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PLoS One. 2012;7(11):e49346. doi: 10.1371/journal.pone.0049346. Epub 2012 Nov 27.

Exploration of lipid metabolism in relation with plasma membrane properties of Duchenne muscular dystrophy cells: influence of L-carnitine.

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1
Laboratoire Bio-PeroxIL, Biochimie du Peroxysome, Inflammation et Métabolisme Lipidique, Université de Bourgogne - Faculté des Sciences Gabriel, Dijon, France.

Abstract

Duchenne muscular dystrophy (DMD) arises as a consequence of mutations in the dystrophin gene. Dystrophin is a membrane-spanning protein that connects the cytoskeleton and the basal lamina. The most distinctive features of DMD are a progressive muscular dystrophy, a myofiber degeneration with fibrosis and metabolic alterations such as fatty infiltration, however, little is known on lipid metabolism changes arising in Duchenne patient cells. Our goal was to identify metabolic changes occurring in Duchenne patient cells especially in terms of L-carnitine homeostasis, fatty acid metabolism both at the mitochondrial and peroxisomal level and the consequences on the membrane structure and function. In this paper, we compared the structural and functional characteristics of DMD patient and control cells. Using radiolabeled L-carnitine, we found, in patient muscle cells, a marked decrease in the uptake and the intracellular level of L-carnitine. Associated with this change, a decrease in the mitochondrial metabolism can be seen from the analysis of mRNA encoding for mitochondrial proteins. Probably, associated with these changes in fatty acid metabolism, alterations in the lipid composition of the cells were identified: with an increase in poly unsaturated fatty acids and a decrease in medium chain fatty acids, mono unsaturated fatty acids and in cholesterol contents. Functionally, the membrane of cells lacking dystrophin appeared to be less fluid, as determined at 37°C by fluorescence anisotropy. These changes may, at least in part, be responsible for changes in the phospholipids and cholesterol profile in cell membranes and ultimately may reduce the fluidity of the membrane. A supplementation with L-carnitine partly restored the fatty acid profile by increasing saturated fatty acid content and decreasing the amounts of MUFA, PUFA, VLCFA. L-carnitine supplementation also restored muscle membrane fluidity. This suggests that regulating lipid metabolism in DMD cells may improve the function of cells lacking dystrophin.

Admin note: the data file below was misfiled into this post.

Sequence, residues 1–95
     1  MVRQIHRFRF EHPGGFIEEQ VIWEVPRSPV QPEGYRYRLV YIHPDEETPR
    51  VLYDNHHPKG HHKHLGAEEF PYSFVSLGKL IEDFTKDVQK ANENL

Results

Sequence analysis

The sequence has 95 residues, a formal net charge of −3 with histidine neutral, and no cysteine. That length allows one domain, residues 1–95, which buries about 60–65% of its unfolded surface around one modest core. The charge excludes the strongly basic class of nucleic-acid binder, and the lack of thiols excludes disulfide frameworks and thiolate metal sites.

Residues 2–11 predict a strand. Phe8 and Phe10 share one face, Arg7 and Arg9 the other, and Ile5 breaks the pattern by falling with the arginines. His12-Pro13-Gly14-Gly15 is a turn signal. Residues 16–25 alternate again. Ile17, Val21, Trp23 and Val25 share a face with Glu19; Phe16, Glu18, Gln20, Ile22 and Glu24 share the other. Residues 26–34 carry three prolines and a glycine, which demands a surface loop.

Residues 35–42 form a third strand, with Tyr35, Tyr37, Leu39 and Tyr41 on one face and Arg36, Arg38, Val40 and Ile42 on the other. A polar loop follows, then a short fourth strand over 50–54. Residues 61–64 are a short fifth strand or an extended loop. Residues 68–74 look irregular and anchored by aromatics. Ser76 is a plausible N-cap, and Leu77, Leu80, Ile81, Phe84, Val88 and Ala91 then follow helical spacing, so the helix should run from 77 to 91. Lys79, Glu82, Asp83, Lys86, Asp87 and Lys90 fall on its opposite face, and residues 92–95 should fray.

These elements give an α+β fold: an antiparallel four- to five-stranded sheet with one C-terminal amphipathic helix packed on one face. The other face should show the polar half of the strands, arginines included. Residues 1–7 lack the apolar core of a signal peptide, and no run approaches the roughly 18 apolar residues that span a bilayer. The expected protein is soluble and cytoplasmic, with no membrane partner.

PMID:
23209572
PMCID:
PMC3507830
DOI:
10.1371/journal.pone.0049346
[Indexed for MEDLINE]
Free PMC Article
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